Creamy Oyster Stew and an Onion Tart

I have a problem with oysters. Maybe I become just a little crazed. I’m kind of like “if you give a mouse a cookie”, except we could rewrite the book entitled “if you give a Sheila an oyster”. It’s sort of like when someone is on a crash diet, say they strictly swear off chocolate, and upon one teeny bite of the sweet, off-limits treat, turns into a hulk-crazed-chocolate-fiend. So, I sort of forgot oysters were available until recently, and have not been able to stop ever since. Tuesday: a dozen raw. Friday: oyster stew at a diner, plus 4 raw later. Yesterday: homemade oyster stew, ate all the oysters from the broth as if they were the candy goodies in a pint of ice cream; a 6 year old eating all the marshmallows in a bowl of Lucky Charm’s.

Oysters: 4

Sheila: 0

This creamy oyster stew recipe is from Splendid Table, Lynne Rossetto Kasper’s lovely NPR food show. The highlight of course is when customers call in with 5 random ingredients they have in their kitchen, and she has to come up with a delicious dish they could realistically make with them. So fun.

The great thing about this recipe is it is so simple. No stock, or really any behind the scenes prep required. A wonderful, creamy broth and plump oysters. For a normal person, that is someone who doesn’t compulsively eat oysters unlike myself, this recipe will offer plenty of oysters. Now on the other hand, if you are like me, you may want to reduce the amount of liquid you add, OR make a delicious seafood chowder with the leftover broth (more on that after). My problem also could be that I ate it without the recommended oyster crackers and was searching for more “stuff” in my stew. (Why is there always canola oil & other fillers in oyster crackers…and everything else?) Feel free to add potatoes if desired.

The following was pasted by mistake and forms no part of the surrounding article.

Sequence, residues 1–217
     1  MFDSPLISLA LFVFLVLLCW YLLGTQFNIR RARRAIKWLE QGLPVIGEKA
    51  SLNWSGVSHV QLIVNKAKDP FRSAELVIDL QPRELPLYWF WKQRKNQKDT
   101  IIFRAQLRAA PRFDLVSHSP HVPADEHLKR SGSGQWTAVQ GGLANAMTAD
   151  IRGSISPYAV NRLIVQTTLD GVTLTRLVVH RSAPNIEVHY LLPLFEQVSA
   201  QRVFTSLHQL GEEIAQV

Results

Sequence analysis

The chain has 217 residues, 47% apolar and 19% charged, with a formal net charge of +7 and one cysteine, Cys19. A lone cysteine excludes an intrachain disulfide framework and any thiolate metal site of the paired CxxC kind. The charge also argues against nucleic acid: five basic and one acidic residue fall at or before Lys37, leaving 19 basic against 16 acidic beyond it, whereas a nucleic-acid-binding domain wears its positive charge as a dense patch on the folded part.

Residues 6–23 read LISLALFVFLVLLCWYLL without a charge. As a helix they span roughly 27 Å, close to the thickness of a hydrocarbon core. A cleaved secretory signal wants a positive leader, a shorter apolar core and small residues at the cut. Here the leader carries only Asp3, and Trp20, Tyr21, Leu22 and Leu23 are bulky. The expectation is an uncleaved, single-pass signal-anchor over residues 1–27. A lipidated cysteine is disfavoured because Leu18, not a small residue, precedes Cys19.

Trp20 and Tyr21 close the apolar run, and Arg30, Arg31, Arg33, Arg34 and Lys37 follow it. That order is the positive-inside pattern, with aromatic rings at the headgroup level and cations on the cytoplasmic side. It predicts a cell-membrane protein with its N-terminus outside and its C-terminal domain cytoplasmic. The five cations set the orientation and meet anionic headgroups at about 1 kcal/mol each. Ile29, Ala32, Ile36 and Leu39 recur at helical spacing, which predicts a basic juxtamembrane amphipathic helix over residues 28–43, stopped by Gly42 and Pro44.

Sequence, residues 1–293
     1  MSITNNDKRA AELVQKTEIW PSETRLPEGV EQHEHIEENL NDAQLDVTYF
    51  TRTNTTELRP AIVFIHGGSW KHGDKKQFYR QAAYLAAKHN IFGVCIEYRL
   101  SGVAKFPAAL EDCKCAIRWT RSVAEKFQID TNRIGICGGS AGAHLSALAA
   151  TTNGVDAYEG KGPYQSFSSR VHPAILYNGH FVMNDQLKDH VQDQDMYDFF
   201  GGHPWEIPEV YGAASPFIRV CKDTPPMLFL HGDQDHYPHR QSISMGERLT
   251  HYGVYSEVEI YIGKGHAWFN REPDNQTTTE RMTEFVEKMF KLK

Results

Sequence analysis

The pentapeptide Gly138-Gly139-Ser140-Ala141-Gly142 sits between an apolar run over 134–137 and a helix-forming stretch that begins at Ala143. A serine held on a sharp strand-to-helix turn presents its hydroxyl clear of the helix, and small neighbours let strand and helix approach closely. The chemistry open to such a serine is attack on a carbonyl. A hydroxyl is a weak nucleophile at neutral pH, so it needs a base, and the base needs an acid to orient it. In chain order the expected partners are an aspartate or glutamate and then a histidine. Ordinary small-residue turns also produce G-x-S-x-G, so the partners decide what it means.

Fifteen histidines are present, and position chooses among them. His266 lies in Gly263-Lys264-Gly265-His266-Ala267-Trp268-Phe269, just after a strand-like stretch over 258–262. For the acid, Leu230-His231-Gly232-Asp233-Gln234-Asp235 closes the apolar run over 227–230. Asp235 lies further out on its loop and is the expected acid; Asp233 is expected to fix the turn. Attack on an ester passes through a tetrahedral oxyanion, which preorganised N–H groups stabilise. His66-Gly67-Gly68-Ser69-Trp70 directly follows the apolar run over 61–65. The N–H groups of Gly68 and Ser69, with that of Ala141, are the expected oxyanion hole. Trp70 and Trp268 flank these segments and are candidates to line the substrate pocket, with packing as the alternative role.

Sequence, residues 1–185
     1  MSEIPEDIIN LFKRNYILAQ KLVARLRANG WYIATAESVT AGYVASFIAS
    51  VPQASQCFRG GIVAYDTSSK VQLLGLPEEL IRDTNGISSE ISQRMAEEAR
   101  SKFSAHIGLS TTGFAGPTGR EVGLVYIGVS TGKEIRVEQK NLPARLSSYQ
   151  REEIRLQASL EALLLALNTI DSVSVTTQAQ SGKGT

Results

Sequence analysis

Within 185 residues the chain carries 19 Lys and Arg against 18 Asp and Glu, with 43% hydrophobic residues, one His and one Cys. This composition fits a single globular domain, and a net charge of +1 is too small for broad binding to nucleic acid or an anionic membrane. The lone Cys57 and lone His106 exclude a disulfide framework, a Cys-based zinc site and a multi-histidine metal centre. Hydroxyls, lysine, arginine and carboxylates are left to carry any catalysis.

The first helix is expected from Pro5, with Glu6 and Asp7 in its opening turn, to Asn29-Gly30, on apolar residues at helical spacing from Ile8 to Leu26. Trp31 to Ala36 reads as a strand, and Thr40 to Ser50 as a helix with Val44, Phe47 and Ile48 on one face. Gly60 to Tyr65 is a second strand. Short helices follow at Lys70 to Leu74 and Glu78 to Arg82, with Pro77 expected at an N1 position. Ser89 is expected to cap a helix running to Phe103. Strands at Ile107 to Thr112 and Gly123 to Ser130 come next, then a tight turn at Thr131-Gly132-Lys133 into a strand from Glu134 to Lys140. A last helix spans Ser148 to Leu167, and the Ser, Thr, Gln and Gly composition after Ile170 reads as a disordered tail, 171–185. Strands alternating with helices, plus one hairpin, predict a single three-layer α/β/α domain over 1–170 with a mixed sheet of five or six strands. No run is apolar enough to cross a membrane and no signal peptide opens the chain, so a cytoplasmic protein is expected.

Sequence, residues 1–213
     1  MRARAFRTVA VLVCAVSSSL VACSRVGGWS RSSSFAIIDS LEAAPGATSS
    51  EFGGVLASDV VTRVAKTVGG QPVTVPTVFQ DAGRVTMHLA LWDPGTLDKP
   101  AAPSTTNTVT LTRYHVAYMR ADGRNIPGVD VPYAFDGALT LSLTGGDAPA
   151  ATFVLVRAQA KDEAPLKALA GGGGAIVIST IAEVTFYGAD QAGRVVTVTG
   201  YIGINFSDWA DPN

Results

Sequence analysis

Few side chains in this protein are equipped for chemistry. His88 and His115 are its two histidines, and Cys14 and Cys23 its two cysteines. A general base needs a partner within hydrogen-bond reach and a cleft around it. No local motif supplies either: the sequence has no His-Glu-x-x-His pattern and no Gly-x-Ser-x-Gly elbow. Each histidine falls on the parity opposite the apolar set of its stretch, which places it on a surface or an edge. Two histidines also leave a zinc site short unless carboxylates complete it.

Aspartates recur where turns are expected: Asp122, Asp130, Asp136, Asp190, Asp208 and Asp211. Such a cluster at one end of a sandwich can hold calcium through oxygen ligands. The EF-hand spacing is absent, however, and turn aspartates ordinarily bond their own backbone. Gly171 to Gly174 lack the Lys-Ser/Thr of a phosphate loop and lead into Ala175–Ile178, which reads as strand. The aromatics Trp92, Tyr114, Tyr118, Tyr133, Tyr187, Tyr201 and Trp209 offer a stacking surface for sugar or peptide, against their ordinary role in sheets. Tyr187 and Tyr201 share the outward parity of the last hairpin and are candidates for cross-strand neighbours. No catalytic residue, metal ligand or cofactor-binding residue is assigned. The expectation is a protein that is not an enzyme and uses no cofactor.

Creamy Oyster Stew

  • 1 pint¬†shucked oysters¬†in their liquid
  • 4 tablespoons¬†butter
  • 2¬†medium¬†shallots, minced
  • 1¬†small¬†garlic clove¬†minced
  • sea salt and freshly ground black pepper, to taste
  • 4 cups¬†milk
  • 2 cups¬†heavy cream
  • 2 to 3 drops¬†Tabasco sauce, or to taste

Instructions

1. Lift the oysters out of their liquid, checking for bits of shell and sand. Place the oysters in a fine strainer to remove any sand and shell, keeping the liquid. Chill the oysters and liquid separately.

2. In a 3 to 4-quart saucepan melt the butter over medium heat, stir in the shallots and saute a couple minutes until they transparent. Add the minced garlic and season with sea salt and pepper to taste. Cook 30 seconds. Stir in the milk, cream, oyster liquid and Tabasco, and bring to a simmer. Cook for 2 minutes at a gentle bubble. Make sure it doesn’t boil.

3. Turn the heat down so the liquid barely bubbles, then gently add the oysters. Only cook them for a minute or until their edges start to curl, so they’ll be nice and tender and plump!

For a full meal, it’s very enjoyable with a simple salad of broccoli rabe, carrot ribbons, watermelon radish and golden raisins with vinaigrette, and the flakiest, most deliciously buttery onion tart (thanks to the wonder that is frozen puff pastry).

Seafood Chowder, using the leftover broth

This is more of an idea & inspiration than a recipe. Martha Stewart’s recipe helped guide me. I really love finding some delicious to do with random leftovers. It presents a challenge that makes me so happy to beat! Unfortunately, chowder not pictured here, as my camera is a slave to natural night, and it’s dark as I write this.

  • 3 pints creamy oyster stew broth
  • just under a pound of hake, cut into chunks
  • about a quarter pound of scallops, cut into small pieces (smaller than the hake)
  • one small onion, diced
  • 3 ribs celery, diced
  • about half a bunch of curly kale, chard, or any other mild greens (not anything too bitter)
  • 1/8 pound salt pork, diced
  • 2 bay leaves
  • a few sprigs thyme
  • pinch cayenne

1. Bring a pot of water to boil. Add the diced salt pork and let it cook for about 10 minutes, then drain the water and reserve the salt pork.